Anonymous Coward | about 4 months ago | (#46729745)

SSL is a much worse problem in itself. Relying on some "trustworthy" certificate authority sounds like a good idea, huh? It's a completely broken idea, especially in this age when the worst enemy is the own government.

Re:It's time we own up to this one (4, Interesting)

Bruce Perens (3872) | about 4 months ago | (#46729811)

I have to say I'm even less confident in the plan to couple it to DNSSEC.

Re:It's time we own up to this one (1)

hawguy (1600213) | about 4 months ago | (#46729753)

OK guys. We've promoted Open Source for decades. We have to own up to our own problems.

This was a failure in the Open Source process. It is just as likely to happen to closed source software, and more likely to go unrevealed if it does, which is why we aren't already having our heads handed to us.

But we need to look at whether Open Source projects should be providing the world's security without any significant funding to do so.

If it's just as likely to happen to closed source software, then why is it a failure of the Open Source process? It was discovered and fixed so quickly *because* it's open source - there may be similar holes in closed source software that are being exploited today, yet no white hats have discovered them yet.

Re:It's time we own up to this one (2)

Bruce Perens (3872) | about 4 months ago | (#46729781)

Sure. We're better. But we need to be even better than that.

Re:It's time we own up to this one (1)

Anonymous Coward | about 4 months ago | (#46729887)

It was discovered and fixed so quickly *because* it's open source

For crikessakes, the heartbleed vulnerability existed for over 2 years before being discovered and fixed!

Re:It's time we own up to this one (3, Interesting)

hawguy (1600213) | about 4 months ago | (#46730341)

It was discovered and fixed so quickly *because* it's open source

For crikessakes, the heartbleed vulnerability existed for over 2 years before being discovered and fixed!

Sorry my bad, that sentence was confusing -- I meant the fix was fast, not finding the bug.

An exact timeline for Hearthbleed is hard to find, but it looks like there was some responsible disclosure of the bug to some large parties about a week before public disclosure and release of the fixed SSL library.

In contract, Apple learned of its SSL vulnerability [nist.gov] over a month [theguardian.com] before they released an IOS patch and even after public disclosure of the bug, it was about a week before they released the OSX patch. And just like the OpenSSL bug, Apple's vulnerability was believed to have been in the wild for about 2 years before detection. (of course, since the library code was opensourced by Apple, several unofficial patches were released before Apple's official patch).

Re:It's time we own up to this one (1)

Bruce Perens (3872) | about 4 months ago | (#46730395)

I think we need to take a serious look at the "many eyes" theory because of this. Apparently, there were no eyes on the part of parties that did not wish to exploit the bug for close to two years. And wasn't there just a professional audit by Red Hat that caught another bug, but not this one?

Re:It's time we own up to this one (2)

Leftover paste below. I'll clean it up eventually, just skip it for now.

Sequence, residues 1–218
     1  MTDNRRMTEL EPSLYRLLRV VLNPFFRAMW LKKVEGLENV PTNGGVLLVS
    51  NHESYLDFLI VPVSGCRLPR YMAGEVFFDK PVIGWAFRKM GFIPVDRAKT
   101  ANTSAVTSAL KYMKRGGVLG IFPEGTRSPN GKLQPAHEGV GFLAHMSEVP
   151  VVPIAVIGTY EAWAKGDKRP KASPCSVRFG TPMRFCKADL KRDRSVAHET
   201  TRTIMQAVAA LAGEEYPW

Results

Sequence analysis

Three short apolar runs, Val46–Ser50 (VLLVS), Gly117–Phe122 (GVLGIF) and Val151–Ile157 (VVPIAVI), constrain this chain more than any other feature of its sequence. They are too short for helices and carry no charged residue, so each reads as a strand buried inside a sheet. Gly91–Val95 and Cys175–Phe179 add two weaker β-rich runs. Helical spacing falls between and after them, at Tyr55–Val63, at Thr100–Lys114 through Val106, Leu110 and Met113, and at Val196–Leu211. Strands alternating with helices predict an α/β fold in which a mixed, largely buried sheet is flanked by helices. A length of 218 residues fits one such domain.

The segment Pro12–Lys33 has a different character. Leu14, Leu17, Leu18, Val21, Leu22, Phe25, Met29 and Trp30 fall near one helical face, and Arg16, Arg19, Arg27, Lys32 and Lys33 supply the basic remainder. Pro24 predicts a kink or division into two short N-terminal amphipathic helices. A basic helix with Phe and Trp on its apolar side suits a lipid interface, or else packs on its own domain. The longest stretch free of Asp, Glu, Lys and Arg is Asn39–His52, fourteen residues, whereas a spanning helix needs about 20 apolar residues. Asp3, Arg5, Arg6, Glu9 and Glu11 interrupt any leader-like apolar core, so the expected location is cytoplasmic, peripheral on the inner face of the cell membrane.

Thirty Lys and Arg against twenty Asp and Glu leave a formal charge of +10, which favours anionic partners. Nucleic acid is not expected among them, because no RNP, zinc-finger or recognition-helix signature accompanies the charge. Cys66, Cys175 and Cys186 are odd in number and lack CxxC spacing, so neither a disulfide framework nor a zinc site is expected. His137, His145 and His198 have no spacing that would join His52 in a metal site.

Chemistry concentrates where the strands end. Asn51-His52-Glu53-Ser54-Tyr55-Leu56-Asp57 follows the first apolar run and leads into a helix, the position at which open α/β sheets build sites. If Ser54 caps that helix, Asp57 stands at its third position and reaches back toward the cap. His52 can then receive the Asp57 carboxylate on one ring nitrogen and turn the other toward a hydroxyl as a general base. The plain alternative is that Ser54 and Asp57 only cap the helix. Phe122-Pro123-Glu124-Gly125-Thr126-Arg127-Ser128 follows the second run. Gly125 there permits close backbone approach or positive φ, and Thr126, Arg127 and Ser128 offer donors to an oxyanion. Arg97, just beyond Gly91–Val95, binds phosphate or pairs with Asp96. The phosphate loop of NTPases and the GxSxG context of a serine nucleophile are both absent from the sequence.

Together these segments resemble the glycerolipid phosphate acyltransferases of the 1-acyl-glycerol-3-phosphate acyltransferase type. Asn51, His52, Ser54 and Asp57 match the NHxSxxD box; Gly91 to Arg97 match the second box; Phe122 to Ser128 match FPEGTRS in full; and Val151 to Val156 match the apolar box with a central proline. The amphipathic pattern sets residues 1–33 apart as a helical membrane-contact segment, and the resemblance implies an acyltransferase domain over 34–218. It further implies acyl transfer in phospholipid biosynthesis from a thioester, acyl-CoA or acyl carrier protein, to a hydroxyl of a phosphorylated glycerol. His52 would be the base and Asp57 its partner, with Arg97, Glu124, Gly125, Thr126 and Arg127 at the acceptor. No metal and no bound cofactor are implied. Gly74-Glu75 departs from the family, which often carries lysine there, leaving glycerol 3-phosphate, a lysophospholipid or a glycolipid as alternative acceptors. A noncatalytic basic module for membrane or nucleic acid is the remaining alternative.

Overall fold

MarcoAtWork (28889) | about 4 months ago | (#46729783)

this does not have anything to do with open source and all to do with the software development process (or lack of) used here: something like this could've happened in a closed source library just as easily, the only difference would be that rather than source analysis you'd have used other tools to find the vulnerability: if a new addition to a protocol comes in and you have bad intentions of course the first thing you do is to see what happens if you feed it invalid data, if you did that here you'd have found this extremely quickly (and probably faster than if you were trying to do source analysis).

The main issue here is that you should not be able to commit anything to something like OpenSSL with only one reviewer looking at it, period. The secondary issue is that for anything this important there should be a LOT of unit tests for everything and that absolutely everything everywhere should be tested with invalid input to make sure the library is solid: QA-ing a crypto library is a job as important as writing it in the first place and should be funded just as much, there unfortunately does seem to be a bias against QA being as important as development among developers, until this bias is removed this kind of issue will keep happening.

QA and development are two faces of the same coin for critical software, some people are better at writing something, others at finding issues with things other people developed: there should be no stigma for people preferring focusing more on QA, but in a lot of companies QA is seen as much less prestigious than development and the first thing to outsource, which leads to substandard testing, which creates more problems (because the tests are not good but give you the false impression that your software is ok).

Re:It's time we own up to this one (1)

MarcoAtWork (28889) | about 4 months ago | (#46729859)

and btw, funding is good, but funding does not buy you a good software development process: for that you need to actually focus on finding a good process first, and use the funding to achieve what you are planning without forgetting that if it's a critical piece of infrastructure nowadays it will be attacked by adversaries with much larger pockets than yours no matter how large yours are, so the process has to take into account that any development is done in a completely hostile environment, where a-priori you cannot trust ANYTHING, you can't trust your compiler, you can't trust your system libraries, you can't trust your fellow developers and you can't trust the repository you are using.